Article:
Members of the City Council on Wednesday approved a request from Missoula County to reimburse up to $1.15 million using tax increment financing to complete the design and construction of a trail system across and around the fairgrounds.
The cost represents a small portion of the larger multi-million dollar renovation efforts taking place at the county fairgrounds, though it may be the only portion of the project likely to receive funding from the Missoula Redevelopment Agency.
“The trail connections are part of the Metropolitan Planning Organization’s plan and the 2016 Bike Facilities Master Plan, both adopted by the City Council,” said fairgrounds director Emily Brock. “But for this money, those connections won’t happen, potentially ever.”
State law allows the use of tax increment to connect an urban renewal district to existing infrastructure located outside the area, such as the fairgrounds and the properties beyond.
In this case, the trail system will link areas of the Midtown district to the fairgrounds, along with local parks and schools, eliminating what for years has served as a fenced impediment to public access and connectivity.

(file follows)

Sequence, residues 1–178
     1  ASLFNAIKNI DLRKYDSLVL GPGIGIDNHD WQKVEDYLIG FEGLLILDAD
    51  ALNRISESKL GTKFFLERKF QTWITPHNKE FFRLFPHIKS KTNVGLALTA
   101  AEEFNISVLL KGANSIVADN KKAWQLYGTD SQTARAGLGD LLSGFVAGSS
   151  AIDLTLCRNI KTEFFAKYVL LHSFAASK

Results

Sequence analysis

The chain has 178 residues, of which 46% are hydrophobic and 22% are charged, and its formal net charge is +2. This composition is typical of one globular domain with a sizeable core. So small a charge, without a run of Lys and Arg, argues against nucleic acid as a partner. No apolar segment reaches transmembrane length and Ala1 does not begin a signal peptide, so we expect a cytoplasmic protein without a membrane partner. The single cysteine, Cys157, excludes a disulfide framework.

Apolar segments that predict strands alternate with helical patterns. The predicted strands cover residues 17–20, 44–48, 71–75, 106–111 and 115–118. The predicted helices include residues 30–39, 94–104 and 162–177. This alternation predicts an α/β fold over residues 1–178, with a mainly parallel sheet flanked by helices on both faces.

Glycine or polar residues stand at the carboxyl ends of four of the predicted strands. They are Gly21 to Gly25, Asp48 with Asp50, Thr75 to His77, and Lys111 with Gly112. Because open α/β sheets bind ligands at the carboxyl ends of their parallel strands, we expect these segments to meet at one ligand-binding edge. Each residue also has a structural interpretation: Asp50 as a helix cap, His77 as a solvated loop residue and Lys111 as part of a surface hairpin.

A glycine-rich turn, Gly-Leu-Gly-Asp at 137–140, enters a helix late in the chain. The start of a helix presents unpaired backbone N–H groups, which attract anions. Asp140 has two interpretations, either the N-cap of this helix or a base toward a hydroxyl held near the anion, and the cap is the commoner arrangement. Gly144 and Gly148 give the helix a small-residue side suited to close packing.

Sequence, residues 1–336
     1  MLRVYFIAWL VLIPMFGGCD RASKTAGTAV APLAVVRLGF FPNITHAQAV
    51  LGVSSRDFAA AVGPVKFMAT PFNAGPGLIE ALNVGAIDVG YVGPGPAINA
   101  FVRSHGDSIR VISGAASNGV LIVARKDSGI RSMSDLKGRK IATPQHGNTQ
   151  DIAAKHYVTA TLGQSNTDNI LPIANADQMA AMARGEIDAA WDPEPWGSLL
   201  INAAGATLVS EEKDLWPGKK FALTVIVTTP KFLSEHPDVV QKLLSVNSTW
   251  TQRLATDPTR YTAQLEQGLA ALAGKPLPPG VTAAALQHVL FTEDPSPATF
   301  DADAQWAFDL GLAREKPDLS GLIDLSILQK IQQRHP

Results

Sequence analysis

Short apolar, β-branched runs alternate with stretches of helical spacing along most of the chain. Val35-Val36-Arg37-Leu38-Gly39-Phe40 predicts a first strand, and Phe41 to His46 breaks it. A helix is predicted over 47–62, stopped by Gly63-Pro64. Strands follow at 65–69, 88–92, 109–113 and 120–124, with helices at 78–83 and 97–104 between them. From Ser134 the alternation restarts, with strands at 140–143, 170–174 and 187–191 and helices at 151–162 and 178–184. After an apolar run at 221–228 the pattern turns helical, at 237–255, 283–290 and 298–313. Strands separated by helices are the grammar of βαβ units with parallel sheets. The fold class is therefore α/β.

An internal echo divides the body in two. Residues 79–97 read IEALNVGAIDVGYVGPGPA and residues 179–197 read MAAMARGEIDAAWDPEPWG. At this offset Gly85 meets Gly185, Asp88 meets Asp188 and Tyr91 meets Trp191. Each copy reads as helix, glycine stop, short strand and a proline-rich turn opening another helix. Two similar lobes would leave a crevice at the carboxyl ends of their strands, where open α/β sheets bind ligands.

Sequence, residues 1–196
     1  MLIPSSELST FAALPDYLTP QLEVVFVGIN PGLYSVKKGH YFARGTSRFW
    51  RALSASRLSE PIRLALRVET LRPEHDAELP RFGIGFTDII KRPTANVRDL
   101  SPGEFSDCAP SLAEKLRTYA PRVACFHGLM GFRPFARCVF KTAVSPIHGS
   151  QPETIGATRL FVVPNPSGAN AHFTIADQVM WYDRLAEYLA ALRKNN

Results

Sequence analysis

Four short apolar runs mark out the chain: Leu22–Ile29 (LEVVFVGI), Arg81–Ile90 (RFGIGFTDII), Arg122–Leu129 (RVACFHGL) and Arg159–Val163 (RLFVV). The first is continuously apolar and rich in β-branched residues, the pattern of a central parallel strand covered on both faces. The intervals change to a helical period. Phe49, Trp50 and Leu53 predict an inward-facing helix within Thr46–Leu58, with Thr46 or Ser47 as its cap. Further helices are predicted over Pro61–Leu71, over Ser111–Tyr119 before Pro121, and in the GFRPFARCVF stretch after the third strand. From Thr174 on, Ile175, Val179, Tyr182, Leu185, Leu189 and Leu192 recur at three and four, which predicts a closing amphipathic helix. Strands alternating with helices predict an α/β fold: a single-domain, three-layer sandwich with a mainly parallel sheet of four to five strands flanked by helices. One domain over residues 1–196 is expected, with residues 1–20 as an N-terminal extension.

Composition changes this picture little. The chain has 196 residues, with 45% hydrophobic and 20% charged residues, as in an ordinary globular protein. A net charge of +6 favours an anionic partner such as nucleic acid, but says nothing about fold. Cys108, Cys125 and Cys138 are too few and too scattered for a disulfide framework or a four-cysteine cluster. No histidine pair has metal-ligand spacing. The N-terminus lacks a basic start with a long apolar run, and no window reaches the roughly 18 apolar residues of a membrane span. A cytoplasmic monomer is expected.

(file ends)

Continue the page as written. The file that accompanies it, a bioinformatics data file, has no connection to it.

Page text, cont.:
While the funding drew opposition from council member Jesse Ramos, others said the project was needed and was identified in a number of plans over the years, including the 2011 Active Transportation Plan and a Midtown needs assessment.
“Infrastructure and connectivity is the elimination of blight all throughout the state’s enabling statutes,” said MRA Director Ellen Buchanan. “It’s the basis on which we’ve done most of the trail systems throughout the urban renewal districts to date.”
As approved, a trail will cross the fairgrounds from Fairview Avenue to South Avenue. Two additional trails will skirt the fairgrounds on both the east and south sides, connecting with the YMCA and Playfair Park.
A series of walkways will also be constructed on the fairgrounds and the chain link fence will also come down, replaced with wrought iron fencing and landscaping. As per the agreement, the trails must be open to the public year round, less special events that require controlled access.
“This is the connectivity we’re talking about that goes beyond the fairgrounds itself,” said council member Bryan von Lossberg. “There’s no question about the validity and use of this funding.”
To fund the project, MRA looks to wrap the $1.1 million into bonds for construction of Montana Rail Link Park and completion of the last segment of the Bitterroot Branch Trail.
Combined, the entire bonding package will amount to roughly $5 million, and while both the trails project at the fairgrounds and the nearby park project are both tax exempt, Buchanan said the Urban Renewal District has the adequate capacity to cover it.
“With the investment that we are seeing in the Brooks corridor, URD III has a very positive outlook,” she said.